Letter: Why airlines copy passports

Click to follow
From Mr R. J. Ayling

Sir: With regard to your article on British Airways photocopying "ethnic" passengers' passports ("Airline in secret check on blacks", 10 November), we made a mistake in photocopying Tony Kelly's passport. He and his family are British nationals and we had no reason to doubt that they would be admitted into the US. I have written to him and apologised.

I regret that it is necessary to photocopy the passports of any passengers, but we do so as a precaution against heavy fines imposed on us by the immigration authorities of a number of countries including Britain and the US. But this is not done on the basis of their race or colour.

Several countries, including Britain, the US and Canada in effect require airlines to carry out immigration checks before passengers embark on flights to those countries. We, in common with other international airlines, strongly object to these requirements, which turn our employees into unpaid immigration officers. We objected when the legislation was introduced in Britain in 1987 and we have consistently objected since.

If we carry a passenger who does not have the right immigration documents for one of these countries, we are heavily fined. Here in Britain the fines are at the rate of pounds 2,000 per person. In the US they are $3,000 per person, in Canada they can be as high as $3,200 per person.

These fines are imposed even where passengers have valid documents when they check in, but cannot produce them at disembarkation. Last year the Home Office imposed fines in these cases of more than pounds 8m. The US imposed fines of more than $7m, relating to almost 2,500 cases.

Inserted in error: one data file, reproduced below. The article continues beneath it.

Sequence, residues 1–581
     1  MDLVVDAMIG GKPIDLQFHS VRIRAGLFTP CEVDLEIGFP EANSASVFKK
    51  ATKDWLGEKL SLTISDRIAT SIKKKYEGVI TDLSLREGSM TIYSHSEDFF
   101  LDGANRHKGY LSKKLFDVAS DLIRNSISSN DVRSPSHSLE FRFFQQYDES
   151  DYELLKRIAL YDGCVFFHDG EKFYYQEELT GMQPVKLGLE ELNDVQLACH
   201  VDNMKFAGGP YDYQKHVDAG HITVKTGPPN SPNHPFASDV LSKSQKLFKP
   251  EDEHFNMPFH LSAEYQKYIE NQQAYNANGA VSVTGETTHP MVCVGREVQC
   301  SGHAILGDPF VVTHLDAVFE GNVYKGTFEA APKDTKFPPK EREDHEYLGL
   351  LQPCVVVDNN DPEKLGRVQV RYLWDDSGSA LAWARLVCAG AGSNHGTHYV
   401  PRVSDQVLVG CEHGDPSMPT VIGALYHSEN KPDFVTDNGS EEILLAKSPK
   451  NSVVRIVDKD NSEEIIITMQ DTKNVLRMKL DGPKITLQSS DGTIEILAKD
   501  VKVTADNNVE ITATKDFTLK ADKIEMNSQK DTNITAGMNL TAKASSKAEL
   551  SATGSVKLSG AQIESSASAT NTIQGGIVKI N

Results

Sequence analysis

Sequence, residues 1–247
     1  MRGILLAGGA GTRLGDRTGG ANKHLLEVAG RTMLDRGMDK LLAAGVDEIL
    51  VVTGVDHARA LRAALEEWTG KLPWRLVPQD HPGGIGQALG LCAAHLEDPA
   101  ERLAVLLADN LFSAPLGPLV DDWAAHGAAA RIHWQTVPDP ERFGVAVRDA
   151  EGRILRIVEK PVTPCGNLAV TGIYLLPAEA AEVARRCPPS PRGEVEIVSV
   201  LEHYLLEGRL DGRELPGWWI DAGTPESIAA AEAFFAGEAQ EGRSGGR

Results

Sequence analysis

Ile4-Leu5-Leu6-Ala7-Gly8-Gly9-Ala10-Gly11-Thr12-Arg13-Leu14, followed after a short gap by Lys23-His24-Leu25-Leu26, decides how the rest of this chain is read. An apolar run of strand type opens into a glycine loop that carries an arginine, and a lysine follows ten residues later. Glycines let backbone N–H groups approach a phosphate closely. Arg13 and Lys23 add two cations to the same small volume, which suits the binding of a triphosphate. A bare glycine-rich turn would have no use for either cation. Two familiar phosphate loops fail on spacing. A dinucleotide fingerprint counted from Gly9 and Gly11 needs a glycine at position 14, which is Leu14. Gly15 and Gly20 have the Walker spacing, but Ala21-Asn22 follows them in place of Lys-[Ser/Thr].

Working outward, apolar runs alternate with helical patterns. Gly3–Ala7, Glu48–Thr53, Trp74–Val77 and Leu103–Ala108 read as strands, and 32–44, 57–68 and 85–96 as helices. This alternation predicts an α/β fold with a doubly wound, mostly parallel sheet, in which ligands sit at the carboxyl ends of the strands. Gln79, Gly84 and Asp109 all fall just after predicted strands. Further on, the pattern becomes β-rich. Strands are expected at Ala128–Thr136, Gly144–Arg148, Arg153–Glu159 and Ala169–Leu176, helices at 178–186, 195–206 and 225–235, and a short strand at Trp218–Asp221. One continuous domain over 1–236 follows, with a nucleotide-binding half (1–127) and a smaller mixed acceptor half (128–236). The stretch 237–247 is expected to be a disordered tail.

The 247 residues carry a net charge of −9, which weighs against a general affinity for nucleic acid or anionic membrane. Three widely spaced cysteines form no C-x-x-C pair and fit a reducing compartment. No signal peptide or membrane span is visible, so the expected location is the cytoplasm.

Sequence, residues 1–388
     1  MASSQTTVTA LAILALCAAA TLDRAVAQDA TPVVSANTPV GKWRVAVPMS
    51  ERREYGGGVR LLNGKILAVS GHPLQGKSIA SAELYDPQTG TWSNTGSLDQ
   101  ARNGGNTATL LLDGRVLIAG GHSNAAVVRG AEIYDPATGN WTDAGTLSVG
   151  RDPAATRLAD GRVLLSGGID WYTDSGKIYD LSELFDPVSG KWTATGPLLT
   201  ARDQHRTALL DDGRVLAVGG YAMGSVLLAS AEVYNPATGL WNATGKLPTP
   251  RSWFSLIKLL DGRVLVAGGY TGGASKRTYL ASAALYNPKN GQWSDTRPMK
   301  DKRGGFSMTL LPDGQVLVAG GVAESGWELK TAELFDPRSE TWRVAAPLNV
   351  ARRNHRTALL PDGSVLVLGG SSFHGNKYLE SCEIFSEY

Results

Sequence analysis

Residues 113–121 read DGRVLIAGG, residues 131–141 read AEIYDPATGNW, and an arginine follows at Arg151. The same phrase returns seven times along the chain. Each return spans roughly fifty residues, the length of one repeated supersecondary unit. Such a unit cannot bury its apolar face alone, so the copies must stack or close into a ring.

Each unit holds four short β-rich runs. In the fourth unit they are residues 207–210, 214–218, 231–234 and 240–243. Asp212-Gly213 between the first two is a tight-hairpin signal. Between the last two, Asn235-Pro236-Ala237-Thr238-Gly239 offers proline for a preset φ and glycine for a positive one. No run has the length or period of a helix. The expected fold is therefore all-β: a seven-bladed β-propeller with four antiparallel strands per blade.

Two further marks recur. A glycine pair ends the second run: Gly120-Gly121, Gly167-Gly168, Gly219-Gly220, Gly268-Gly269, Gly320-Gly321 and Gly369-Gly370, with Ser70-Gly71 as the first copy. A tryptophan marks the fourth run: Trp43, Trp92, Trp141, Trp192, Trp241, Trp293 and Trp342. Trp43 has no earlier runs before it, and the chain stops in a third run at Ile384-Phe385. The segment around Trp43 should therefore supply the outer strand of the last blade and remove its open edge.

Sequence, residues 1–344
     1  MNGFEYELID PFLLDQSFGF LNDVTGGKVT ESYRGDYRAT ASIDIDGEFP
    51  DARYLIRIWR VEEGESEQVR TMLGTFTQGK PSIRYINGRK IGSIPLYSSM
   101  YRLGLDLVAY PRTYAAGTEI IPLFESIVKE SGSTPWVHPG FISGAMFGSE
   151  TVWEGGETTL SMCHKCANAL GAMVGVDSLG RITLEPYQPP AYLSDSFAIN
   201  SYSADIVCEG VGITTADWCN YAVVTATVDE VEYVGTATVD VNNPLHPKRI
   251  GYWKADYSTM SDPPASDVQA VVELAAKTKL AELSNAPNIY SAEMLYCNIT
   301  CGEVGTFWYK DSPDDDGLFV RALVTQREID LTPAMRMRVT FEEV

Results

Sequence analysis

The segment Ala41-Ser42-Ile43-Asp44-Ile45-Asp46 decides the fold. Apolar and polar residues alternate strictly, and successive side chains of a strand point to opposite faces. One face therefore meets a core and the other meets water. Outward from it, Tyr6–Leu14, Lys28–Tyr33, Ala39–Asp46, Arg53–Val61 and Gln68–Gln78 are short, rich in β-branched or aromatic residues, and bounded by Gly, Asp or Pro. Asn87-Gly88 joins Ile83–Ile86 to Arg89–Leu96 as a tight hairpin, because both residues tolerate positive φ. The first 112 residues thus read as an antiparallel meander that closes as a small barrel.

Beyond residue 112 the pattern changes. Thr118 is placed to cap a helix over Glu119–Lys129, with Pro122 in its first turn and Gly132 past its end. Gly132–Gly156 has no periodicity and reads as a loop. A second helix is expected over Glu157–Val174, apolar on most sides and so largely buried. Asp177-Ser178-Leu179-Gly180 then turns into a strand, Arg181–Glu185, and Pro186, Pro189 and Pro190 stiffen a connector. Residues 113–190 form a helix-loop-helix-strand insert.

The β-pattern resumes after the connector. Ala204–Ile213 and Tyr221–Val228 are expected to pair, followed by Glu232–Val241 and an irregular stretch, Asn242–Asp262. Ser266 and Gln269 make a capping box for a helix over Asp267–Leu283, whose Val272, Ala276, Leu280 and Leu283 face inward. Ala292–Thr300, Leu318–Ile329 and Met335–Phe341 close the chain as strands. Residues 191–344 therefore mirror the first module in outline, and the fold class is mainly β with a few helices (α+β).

If airlines can show the authorities that the passengers did in fact possess immigration documents at the point of embarkation the fines are generally waived.

So in cases where passengers are of nationalities, or are travelling in circumstances, which we believe may give rise to fines under these immigration laws, as a precaution we photostat the travel documents, including passports, at the point of embarkation.

The authorities in Britain, the US and Canada know that we do this, and indeed the Canadian authorities actually encourage us to do so. We also say that we may do so in our conditions of carriage.

But we only do so to avoid the very large fines imposed and to comply with the immigration policies of the countries in question. If the immigration authorities did not expect airlines to act as unpaid immigration officers, it would not be necessary.

Yours sincerely,

Robert Ayling

Group Managing Director

British Airways

Heathrow Airport (London)


10 November